How do you know whether or not the therapy you choose will be helpful for you? Research has shown that therapy is often effective in reducing distress, but everyone and every service differs.
In keeping with good practice, I routinely evaluate all my therapeutic work to monitor and improve the quality of the service. I ask people, if they are willing, to complete self report questionnaires about their mood. These are standardised questionnaires used by health professionals in the NHS to assess distress, therapy outcome and the relative performance of services. These measures are completed before, during and after therapy so that clients and I can see, discuss and reflect on changes made. Discussing therapy progress regularly promotes safe, useful and effective therapy. The use of these questionnaires allows referrers, like GPs or solicitors, to see the quality of therapy.
For BUPA registered clients, with client consent, I submit anonymised outcome data to BUPA’s national mental health registry. This allows BUPA to monitor the quality of my work and collect valuable information about mental health and therapy outcomes.
People attend anything between 2 and 24 therapy sessions with me, with follow up sessions if this seems helpful. The average number of sessions attended by my clients is 12.
All clients who attend more than 2 sessions are sent anonymous satisfaction questionnaires 3-6 months after their last therapy session. Up to and including July, 2014, 51% (27) returned their questionnaire:
100% would recommend this service to a friend either “Yes definitely” (63%) or “Yes, I think so” (37%). No one replied “No, I don’t think so or “Definitely not”.
100% would use the service again, either “Yes definitely” (61%) or “Yes I think so” (39%). No one replied “No, I don’t think so or “Definitely not”
60% were very satisfied, 26% satisfied and 4% had mixed feelings about the service or therapy they received. No one was dissatisfied or very dissatisfied.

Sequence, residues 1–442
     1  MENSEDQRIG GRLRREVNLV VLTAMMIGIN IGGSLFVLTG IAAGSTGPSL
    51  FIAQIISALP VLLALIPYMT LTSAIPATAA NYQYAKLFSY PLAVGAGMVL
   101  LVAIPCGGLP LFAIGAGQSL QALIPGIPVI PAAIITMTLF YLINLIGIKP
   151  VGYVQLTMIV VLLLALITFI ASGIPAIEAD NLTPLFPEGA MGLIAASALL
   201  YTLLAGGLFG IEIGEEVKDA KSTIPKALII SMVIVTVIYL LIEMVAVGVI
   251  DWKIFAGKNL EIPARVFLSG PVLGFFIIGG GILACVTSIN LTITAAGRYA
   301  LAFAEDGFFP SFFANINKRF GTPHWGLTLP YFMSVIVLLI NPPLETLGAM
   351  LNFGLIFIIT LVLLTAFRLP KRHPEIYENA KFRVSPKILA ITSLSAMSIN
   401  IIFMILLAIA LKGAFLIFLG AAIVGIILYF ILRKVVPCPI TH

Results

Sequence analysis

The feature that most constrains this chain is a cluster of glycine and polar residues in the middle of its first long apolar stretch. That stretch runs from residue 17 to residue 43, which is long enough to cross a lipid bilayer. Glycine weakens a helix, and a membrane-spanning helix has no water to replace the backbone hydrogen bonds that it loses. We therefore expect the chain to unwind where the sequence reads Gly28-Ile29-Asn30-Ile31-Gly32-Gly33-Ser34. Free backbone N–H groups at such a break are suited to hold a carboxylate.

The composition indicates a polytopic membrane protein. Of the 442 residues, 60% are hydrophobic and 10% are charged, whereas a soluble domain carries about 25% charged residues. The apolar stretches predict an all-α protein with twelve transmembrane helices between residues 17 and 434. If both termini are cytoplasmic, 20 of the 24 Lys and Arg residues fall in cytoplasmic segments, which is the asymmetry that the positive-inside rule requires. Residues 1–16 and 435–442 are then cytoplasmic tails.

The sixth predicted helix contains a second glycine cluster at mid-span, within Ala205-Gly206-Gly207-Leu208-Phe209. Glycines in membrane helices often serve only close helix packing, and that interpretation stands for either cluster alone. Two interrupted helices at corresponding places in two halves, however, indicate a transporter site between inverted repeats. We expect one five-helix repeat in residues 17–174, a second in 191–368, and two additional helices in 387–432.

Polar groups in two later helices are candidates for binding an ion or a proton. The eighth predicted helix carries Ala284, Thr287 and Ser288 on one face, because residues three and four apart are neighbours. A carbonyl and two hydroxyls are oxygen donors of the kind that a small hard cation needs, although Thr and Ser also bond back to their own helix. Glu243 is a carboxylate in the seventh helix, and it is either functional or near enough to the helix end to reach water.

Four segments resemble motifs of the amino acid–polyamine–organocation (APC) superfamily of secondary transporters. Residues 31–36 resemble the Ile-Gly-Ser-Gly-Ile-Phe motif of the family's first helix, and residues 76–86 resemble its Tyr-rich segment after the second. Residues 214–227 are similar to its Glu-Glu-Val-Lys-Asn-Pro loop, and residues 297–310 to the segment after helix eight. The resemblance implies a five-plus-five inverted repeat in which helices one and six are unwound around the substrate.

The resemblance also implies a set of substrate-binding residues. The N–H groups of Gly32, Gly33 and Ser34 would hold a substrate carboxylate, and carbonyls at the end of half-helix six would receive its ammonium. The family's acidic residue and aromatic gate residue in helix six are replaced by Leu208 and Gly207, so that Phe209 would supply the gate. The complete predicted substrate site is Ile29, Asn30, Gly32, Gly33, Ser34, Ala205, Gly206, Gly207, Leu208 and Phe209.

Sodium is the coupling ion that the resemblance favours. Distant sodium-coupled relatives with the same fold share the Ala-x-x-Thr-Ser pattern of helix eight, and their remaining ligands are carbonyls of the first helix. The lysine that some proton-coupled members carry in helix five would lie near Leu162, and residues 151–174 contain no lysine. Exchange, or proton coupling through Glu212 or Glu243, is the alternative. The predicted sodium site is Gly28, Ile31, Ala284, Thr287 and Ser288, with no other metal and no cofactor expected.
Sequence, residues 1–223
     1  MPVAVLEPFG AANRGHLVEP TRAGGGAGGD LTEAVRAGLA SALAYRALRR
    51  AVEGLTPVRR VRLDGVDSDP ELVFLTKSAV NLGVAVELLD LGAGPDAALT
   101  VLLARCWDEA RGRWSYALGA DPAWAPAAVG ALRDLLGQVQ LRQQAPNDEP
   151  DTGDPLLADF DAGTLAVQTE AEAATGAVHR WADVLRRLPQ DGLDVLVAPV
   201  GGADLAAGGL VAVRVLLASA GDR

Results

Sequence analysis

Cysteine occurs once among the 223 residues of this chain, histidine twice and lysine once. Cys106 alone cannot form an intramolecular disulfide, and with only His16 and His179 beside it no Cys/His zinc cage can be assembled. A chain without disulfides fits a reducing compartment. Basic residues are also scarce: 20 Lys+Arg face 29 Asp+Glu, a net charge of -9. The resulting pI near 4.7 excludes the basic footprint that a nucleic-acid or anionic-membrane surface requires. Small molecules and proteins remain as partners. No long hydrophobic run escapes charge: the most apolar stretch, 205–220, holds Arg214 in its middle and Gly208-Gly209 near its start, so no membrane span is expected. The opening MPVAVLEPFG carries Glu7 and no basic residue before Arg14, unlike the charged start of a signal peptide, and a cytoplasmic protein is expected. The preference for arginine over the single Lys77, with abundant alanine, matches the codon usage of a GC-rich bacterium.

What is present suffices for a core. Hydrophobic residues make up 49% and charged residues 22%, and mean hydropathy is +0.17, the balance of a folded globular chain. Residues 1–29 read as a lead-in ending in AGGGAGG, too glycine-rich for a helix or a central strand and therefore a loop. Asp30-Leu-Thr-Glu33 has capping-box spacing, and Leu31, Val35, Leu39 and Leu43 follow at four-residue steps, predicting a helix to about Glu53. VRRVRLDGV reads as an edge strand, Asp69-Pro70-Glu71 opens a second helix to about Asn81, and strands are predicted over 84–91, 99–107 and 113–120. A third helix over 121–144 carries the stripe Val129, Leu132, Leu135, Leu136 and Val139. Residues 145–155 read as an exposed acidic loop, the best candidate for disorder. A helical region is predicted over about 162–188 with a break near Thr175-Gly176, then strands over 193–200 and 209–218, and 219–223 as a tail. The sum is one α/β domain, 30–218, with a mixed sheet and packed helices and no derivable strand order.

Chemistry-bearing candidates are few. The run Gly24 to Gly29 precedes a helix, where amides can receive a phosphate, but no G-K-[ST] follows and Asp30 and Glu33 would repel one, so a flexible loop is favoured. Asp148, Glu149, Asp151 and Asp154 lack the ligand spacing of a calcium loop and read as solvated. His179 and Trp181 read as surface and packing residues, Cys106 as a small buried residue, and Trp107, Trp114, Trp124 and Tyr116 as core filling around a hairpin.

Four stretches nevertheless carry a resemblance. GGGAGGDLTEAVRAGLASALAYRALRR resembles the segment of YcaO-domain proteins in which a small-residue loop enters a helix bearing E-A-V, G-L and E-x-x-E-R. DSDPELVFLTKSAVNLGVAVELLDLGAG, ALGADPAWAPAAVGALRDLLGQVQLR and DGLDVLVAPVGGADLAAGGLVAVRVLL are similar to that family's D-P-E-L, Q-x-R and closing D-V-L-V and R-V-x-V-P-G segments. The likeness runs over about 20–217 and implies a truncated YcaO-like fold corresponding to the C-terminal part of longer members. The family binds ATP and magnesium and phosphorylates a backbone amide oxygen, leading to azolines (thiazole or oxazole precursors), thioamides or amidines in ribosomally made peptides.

70% felt they had been involved in making choices about their treatment and care at all times, and 30% felt involved most of the time.
74% were very satisfied, 18% satisfied and 4% had mixed feelings and 4% were dissatisfied with their wait for a first appointment
88% felt the service offered was good value
“I found CBT extremely useful and interesting. I liked Dr Taylor and felt able to talk openly with her.” (C1)
“I am able to manage and recognise feelings before escalation. The therapy was much harder in terms of mental work than I anticipated. My view of life is much clearer and calmer now” (C2)
“I found it helpful and made me think logically more..Emma is very calming and I felt I could open up with ease.” (C3)
“It all helped. I was initially sceptical and found it hard particularly to start with, to relax and open up. But I was determined to be honest and to be brave. I was definitely helped.” (C4)
“Very positive, the assessment was spot on and therapy focused on the issues I needed help with”(C5)
“I enjoyed the experience and its certainly helped me to adjust the way I saw some things” (C6)
“Very good, I learned a lot about myself but was also guided effectively to understand the process” (C7)
Client’s advice to people considering therapy
Client’s have kindly provided the following advice for people about to come to therapy:
“They have to put the work in themselves. They have to accept they will be tired. Therapy is a process and has to be followed through”
“Don’t go with preconceptions- be open-minded and receptive to whatever direction the therapy goes in”
“Don’t be afraid to ask questions-this will only help you to get the best out of therapy. Expect to have to do work between sessions”
“Important to be honest and open with the therapist”
“Based on my experience, I would advocate to any new client that they would be in good hands who have a real professional approach to the wellbeing of clients”